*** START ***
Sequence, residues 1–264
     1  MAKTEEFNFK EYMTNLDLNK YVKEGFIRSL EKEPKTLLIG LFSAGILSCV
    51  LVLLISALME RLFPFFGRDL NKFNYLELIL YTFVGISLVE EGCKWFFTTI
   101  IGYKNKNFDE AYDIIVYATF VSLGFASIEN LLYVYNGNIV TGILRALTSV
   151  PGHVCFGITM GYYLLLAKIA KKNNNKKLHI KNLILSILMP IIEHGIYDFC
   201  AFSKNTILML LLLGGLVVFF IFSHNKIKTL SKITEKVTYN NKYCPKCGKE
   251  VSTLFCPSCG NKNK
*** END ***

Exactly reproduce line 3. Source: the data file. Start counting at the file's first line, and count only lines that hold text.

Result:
    51  LVLLISALME RLFPFFGRDL NKFNYLELIL YTFVGISLVE EGCKWFFTTI